I love you and you're wonderful. Your blog always brings a smile to my face, no matter how bad my day has been:) Thank you for that. And you're writing is A+++ I use it as a reward for studying:)
Anon, you are the most actual sweetest, and this comment brought a smile to my face after a rubbish day.
“But I don’t want to,” said Ereinion Gil-Galad, pouting his most appealing pout.
“You cannot be king of a realm you do not know,” said his father. “Now name the seven rivers that feed the Gelion in Ossiriand.”
“But!” said Ereinion. “But how can I come to know our lands through books and scrolls? To know a country one must walk its roads, drink from its rivers and lay down in its green fields. One must talk with a land’s people on matters great and small.”
“That is an excellent point,” said High King Fingon. “For all that you stole it from your Uncle Maglor’s verse. Well remembered all the same.” He glanced at the bright diamonds of green forest and blue sky shown through the mullioned windows of his study and tried to quiet the longing in his own heart. “A king must also know when to compromise,” he declared at last. “Go pack your saddlebags; it’s time to introduce you to your realms.”
Three weeks later, Fingon and Ereinion stood in that same study, endeavouring to take their scolding with an appropriately kingly mien. Fingon’s husband, who was sat behind Fingon’s desk with his flesh and metal fingers steepled and his eyes shining disconcertingly, cleared his throat. “Well?”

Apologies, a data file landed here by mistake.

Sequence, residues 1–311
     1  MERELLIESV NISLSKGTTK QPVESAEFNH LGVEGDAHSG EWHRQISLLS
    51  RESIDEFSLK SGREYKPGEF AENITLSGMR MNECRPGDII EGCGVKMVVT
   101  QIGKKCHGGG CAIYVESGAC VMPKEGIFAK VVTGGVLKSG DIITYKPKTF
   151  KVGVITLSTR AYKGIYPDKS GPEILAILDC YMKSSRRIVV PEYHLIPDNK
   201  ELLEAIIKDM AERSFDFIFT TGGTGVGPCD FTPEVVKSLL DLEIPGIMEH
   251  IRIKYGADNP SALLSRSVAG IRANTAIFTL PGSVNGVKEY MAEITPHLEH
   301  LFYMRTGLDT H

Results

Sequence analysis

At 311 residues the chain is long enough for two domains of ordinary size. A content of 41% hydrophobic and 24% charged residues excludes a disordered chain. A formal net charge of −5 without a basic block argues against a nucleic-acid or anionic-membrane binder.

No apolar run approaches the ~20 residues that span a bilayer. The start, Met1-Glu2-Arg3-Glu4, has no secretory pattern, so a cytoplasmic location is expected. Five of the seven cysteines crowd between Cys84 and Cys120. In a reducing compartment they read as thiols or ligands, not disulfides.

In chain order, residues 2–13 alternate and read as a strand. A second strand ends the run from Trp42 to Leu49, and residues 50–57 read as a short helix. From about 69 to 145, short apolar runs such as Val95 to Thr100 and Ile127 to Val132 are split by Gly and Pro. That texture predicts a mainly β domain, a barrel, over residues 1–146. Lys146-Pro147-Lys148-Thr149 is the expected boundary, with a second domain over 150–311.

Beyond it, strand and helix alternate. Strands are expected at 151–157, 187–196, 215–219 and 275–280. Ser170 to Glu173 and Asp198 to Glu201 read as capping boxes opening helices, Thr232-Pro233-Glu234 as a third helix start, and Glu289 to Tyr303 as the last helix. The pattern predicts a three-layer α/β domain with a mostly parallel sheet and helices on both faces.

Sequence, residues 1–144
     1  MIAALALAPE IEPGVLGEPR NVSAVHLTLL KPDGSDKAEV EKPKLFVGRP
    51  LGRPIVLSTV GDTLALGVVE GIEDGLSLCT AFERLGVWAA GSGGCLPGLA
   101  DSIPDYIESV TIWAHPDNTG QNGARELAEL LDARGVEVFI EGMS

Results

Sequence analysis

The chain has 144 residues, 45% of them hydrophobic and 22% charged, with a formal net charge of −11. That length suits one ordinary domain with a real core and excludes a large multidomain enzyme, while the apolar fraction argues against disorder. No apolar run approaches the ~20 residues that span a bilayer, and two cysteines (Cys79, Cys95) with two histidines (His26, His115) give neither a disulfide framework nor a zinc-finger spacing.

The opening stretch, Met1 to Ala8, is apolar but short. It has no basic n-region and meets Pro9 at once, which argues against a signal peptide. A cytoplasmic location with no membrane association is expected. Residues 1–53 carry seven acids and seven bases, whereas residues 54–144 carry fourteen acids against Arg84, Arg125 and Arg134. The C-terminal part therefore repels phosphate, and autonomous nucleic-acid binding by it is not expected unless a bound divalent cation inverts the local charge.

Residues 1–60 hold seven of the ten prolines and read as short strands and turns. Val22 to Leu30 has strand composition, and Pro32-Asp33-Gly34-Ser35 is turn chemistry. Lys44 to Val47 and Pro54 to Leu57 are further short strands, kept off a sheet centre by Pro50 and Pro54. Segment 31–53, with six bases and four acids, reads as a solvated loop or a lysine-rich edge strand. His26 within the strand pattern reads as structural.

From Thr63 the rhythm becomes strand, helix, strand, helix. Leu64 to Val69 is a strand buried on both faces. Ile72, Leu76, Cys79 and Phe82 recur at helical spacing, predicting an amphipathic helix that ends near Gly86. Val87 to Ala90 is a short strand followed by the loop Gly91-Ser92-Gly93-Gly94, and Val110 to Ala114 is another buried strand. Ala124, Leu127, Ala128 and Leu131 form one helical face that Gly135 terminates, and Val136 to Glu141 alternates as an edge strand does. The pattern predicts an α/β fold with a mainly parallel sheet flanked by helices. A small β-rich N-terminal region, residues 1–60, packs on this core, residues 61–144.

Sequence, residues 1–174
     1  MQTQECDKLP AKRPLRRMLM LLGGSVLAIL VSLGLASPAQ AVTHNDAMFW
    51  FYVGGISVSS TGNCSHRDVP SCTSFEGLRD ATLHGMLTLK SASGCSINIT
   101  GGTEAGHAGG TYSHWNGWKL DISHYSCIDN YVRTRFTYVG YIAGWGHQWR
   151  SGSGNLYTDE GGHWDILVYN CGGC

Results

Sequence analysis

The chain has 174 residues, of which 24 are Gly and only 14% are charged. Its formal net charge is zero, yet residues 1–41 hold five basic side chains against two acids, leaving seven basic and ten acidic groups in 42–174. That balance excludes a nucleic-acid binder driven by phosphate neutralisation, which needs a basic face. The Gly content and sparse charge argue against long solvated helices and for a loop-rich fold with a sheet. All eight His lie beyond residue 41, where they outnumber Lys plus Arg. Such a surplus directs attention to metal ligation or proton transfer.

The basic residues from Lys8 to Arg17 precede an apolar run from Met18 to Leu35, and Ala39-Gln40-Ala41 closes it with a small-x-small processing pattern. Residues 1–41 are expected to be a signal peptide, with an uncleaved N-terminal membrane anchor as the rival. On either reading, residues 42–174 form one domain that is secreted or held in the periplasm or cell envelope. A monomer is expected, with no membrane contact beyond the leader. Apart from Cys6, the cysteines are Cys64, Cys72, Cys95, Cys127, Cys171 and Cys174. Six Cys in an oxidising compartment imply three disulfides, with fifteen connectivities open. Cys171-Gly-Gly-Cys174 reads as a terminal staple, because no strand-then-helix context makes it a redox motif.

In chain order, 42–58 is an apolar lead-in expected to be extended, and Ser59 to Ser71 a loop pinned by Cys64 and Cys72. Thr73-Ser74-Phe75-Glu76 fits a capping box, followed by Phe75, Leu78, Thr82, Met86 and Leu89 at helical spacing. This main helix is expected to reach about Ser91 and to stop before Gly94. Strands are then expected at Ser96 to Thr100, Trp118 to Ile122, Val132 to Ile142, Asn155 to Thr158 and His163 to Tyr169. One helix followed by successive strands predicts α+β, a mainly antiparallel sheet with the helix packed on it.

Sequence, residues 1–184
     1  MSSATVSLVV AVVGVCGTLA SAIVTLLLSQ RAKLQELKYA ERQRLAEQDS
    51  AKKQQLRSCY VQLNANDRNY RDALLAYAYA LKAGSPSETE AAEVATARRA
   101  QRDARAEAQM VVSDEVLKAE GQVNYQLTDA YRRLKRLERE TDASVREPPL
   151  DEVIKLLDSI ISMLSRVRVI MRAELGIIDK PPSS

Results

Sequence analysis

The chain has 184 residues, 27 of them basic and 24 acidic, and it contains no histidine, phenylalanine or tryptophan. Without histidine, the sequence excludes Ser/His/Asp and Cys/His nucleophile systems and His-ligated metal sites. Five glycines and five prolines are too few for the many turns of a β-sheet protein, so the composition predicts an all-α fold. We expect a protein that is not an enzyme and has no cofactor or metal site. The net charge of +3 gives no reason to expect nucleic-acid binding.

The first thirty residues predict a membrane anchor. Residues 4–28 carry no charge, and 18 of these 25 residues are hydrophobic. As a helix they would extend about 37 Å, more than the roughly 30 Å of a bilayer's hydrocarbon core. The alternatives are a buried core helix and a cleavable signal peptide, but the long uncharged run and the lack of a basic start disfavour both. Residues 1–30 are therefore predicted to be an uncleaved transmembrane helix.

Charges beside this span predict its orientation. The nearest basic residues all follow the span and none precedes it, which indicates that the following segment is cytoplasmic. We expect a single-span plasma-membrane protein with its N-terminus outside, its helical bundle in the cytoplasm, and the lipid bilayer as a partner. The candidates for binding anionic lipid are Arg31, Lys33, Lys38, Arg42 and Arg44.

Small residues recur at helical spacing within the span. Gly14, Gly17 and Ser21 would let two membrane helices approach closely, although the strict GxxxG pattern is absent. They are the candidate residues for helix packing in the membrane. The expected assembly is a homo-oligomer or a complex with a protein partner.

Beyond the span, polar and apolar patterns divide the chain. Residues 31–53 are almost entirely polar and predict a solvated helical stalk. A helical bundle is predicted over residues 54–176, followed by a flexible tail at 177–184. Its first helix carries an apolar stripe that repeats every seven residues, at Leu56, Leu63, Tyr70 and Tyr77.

“When you were Ereinion’s age, your father would vanish into the wilds with you at the drop of a hat,” Fingon said defensively. “He wouldn’t even trouble to leave a note.” He gestured to the scrap parchment he had left pinned to his desk with a hunting knife, almost a month before.
“In Valinor,” said Maedhros. “Do you know what’s interesting about Valinor? There are no dragons there.”
“The dragon was unanticipated,” Fingon said, rather wishing that he were back in Ard-Galen, facing the beast again full grown. His husband’s fangs were as sharp as the dragon’s and his tongue was sharper still.
“Unanticipated? So unanticipated you had no choice but to engage in personal combat? He could have died. You could have died!”
“I drew you a picture, Da,” Ereinion said sheepishly, which halted Maedhros’ tirade as abruptly as a volley of arrows halted a dragon’s charge.
“Thank you, Ereinion,” he managed, the fell light in his eyes dimming as Ereinion held up his gift in nervous, taloned hands.
“I highlighted the interesting anatomical features and potential weak points,” he said proudly. “Also I drew me with a flamey sword and Papa in a magic dragon helmet and the long one is you.”
“It’s very good. Is that your Papa’s bow? And is the structure of the patagium accurate? That’s excellent. Go call for a bath, Ereinion. You both stink of sulphur.”
“I am sorry,” Fingon said, when Ereinion had left the room. “But no harm was done.”
Maedhros smiled ruefully. “I suppose I of all people can’t criticise you for strolling in and out of danger. Just leave our son at home next time.”
“I will.” Fingon tracked sooty footprints across the carpet as he strolled around the desk to kiss Maedhros’ cheek. He left an ashy smudge there too. “We must place a better watch upon Ard-Galen.”
“Agreed. And distribute copies of this-” Maedhros held up Ereinion’s picture “-to every unit.” Running his fingers over the scrawled, clumsy lines, he added; “We’re pining the original up in the pantry.”